Kiyoshi Ota/Bloomberg

Charting the Markets: Global Stock Rally Grinds to a Halt

Japan's Nikkei 225 Index drops 2.5 percent while the Kiwi slumps following central bank rate cut

The three-day rise in global stocks is over as China's economic slowdown and next week's Federal Reserve meeting vex investors once again. After the biggest one-day rise in six years on Wednesday, the MSCI Asia Pacific Index dropped as much as 2.4 percent after Chinese producer prices sunk the most since 2009. The Shanghai Composite Index fell 1.4 percent after a two-day, 5.3 percent gain. Brazil cast a shadow over emerging market currencies after its credit rating was cut to junk by Standard & Poor's.

After the 7.7% rally comes the fall. Japan's Nikkei 225 Index dropped 2.5 percent following the biggest rise in seven years and the eighth largest one-day advance ever. A U.S. report showing a bigger-than-expected rise in July job openings points to a tightening labor market and may lead to the Federal Reserve raising interest rates on Sept. 17th. That would be the first increase since 2006. Traders aren't convinced it'll happen, though: futures data shows the probability of a move next week is at 28%, down from 54% before China devalued its currency.

New Zealand's dollar fell against all 31 of its major peers after the nation's central bank cut interest rates for the third time in three months. Another cut may be on the way to boost inflation as economic growth slows. The official cash rate now stands at 2.75% after a 25 basis point reduction. New Zealand is battling a drop in export commodity prices which, according to RBNZ Governor Graeme Wheeler, warrants further depreciation in the local dollar. The Kiwi has plunged almost 20 percent against its U.S. counterpart in 2015, the biggest annual drop since 2008.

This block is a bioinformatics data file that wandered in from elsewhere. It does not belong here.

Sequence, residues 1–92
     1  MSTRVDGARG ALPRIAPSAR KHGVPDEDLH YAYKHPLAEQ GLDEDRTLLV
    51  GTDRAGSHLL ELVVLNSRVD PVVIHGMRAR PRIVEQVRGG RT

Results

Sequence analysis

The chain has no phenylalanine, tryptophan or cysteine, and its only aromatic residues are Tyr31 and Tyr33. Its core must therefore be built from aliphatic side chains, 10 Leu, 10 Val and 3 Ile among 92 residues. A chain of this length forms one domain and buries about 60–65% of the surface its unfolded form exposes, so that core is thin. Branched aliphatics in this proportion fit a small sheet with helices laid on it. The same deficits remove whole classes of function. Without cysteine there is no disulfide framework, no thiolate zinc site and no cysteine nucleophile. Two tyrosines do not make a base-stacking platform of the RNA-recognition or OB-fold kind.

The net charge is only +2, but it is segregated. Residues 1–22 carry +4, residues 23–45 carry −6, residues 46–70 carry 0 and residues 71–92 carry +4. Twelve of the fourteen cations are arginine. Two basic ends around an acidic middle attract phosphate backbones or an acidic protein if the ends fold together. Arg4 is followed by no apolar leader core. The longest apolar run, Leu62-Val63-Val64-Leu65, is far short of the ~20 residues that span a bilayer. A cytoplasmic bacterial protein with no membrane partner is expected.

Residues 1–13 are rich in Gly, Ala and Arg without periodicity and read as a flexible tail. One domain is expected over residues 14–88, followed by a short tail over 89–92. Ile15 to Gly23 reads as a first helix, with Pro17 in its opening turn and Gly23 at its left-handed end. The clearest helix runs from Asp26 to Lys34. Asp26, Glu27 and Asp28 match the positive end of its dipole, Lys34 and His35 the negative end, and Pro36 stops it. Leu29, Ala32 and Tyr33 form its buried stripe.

Crude oil has swung between a gain of 0.60 percent and a loss of 1.8 percent. The four-day drop was the longest since July 27th, as investors await today's U.S. stockpiles data, which is forecast to show an increase of 900,000 barrels last week. On Wednesday the Energy Information Administration cut its 2016 global demand estimate for petroleum products for the first time this year, citing an economic slowdown in Asia. Oil sank as low as $38.24 on August 24th on concerns about a global glut. Since then it's rebounded 16 percent but is still trading 28 percent below the 2015 high reached on June 10th. OPEC is keeping up its output and the U.S. stockpile remains about 100 million barrels above the five-year seasonal average.

Rally Derailed as Jitters over Fed and China Persist

Mark Barton is a presenter on Bloomberg TV. Follow him on Twitter @markbartontv

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